A new license for Airbnb-type vacation rentals in Astoria launched today.

People who already offer short-term rentals or who are interested in opening up rooms for tourists in their home must now apply for the homestay lodging permit.

The permit, approved by the City Council in December, is intended to curb illegal rentals, give people who want to offer rentals a clear path forward and make it easier for city staff to track rentals.

Astoria housing

Astoria has a new homestay lodging permit.

An application packet will be available on the city’s website with a step-by-step guide to understand the requirements. City staff plan to hold special office hours on Tuesdays, Wednesdays and Thursdays from 1 to 4 p.m. specifically to address homestay lodging applications and answer questions about the new process.

City Manager Brett Estes and contract planner Heidi Dlubac expect a surge at first as people who already offer these types of rentals and follow the existing rules work with the city to obtain a license.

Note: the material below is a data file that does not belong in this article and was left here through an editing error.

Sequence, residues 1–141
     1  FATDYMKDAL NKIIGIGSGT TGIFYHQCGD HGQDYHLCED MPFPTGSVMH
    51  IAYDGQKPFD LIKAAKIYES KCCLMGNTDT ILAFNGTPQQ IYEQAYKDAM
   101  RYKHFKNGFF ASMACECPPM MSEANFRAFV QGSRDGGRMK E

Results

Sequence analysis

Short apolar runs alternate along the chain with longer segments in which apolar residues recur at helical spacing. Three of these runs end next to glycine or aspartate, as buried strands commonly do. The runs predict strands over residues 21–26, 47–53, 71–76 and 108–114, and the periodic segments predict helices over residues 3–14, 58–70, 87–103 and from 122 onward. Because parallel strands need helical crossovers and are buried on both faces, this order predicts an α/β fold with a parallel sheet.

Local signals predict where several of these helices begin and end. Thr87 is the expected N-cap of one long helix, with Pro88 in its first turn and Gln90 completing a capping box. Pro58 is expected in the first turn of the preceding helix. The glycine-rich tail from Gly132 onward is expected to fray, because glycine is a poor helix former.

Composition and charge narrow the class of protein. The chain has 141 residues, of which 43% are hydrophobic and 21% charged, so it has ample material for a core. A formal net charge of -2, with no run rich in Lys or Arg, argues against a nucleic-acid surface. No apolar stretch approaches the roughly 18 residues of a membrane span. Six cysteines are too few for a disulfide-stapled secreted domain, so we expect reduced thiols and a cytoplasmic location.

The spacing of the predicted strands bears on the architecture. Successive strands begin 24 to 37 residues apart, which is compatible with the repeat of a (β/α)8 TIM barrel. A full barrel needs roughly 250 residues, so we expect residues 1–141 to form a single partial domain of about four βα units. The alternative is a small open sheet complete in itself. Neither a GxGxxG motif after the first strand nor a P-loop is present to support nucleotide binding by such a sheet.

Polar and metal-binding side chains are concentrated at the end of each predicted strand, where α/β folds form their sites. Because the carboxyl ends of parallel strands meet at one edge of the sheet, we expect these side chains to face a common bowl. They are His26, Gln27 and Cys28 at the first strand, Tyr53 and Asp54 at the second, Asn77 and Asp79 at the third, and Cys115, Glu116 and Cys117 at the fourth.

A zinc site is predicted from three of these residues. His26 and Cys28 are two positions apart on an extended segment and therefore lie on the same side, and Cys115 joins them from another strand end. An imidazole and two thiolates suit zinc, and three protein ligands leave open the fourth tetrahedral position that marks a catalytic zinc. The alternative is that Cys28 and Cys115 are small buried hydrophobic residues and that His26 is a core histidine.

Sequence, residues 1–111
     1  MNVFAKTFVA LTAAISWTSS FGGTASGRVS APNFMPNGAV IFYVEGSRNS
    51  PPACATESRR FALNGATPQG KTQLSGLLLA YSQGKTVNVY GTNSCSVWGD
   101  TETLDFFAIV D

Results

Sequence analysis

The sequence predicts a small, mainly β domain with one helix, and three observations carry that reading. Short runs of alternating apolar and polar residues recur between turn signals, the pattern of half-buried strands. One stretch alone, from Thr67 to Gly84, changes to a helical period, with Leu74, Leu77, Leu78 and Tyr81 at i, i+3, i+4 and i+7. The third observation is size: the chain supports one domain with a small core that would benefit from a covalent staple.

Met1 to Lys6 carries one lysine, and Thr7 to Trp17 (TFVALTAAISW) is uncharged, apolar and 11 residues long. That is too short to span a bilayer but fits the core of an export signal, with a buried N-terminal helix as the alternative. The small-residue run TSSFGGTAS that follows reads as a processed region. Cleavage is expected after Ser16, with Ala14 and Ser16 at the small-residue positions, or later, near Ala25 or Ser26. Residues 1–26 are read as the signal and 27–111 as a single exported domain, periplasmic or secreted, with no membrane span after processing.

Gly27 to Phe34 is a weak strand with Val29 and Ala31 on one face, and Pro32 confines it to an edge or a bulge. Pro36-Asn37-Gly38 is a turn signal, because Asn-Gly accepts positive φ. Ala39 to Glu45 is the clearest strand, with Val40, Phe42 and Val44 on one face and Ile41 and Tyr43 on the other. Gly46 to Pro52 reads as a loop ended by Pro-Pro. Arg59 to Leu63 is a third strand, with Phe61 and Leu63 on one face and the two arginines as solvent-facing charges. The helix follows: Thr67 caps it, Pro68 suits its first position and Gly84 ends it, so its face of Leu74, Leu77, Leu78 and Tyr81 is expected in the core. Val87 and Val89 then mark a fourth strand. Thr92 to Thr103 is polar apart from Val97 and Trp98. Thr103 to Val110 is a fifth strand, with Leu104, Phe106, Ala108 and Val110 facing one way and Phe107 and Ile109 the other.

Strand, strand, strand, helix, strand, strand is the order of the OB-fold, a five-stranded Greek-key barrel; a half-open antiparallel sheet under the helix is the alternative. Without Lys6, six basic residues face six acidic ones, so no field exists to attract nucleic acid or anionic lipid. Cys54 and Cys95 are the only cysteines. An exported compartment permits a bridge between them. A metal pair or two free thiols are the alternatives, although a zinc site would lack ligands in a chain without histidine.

But Dlubac thinks it is unlikely the license will result in even more homestay lodging rentals.

“People may see the requirements and decide that’s not a process they want to pursue,” she said.

Some people have already balked at the cost. A license costs $500 and must be renewed every two years. Renewals cost $150. The city also requires a fire, life and safety inspection with any initial license application or renewal, another cost the property owner must shoulder.

Like many other cities across the country, Astoria has struggled with how to manage short-term rentals. Not all of the rentals in Astoria pay the required lodging tax or follow city guidelines and it has been hard for staff to identify properties that are out of compliance and advertise on sites like Airbnb or VRBO.

Astoria allows people to rent out one to two bedrooms in homes they own and occupy. The rental of entire houses on a short-term basis is not allowed, but happens anyway.

Dlubac was brought on to help launch the homestay lodging permit and deal with enforcement issues. She has a list of 20 illegal rentals she is pursing right now.

Estes said the city is working with Clatsop County to identify properties and will continue to track what the state is doing around the lodging tax issue.

City councilors have worried about the impact of vacation rentals on neighborhoods, arguing that the practice takes away long-term rental opportunities for locals.

Katie Frankowicz is a reporter for The Daily Astorian. Contact her at 971-704-1723 or kfrankowicz@dailyastorian.com.

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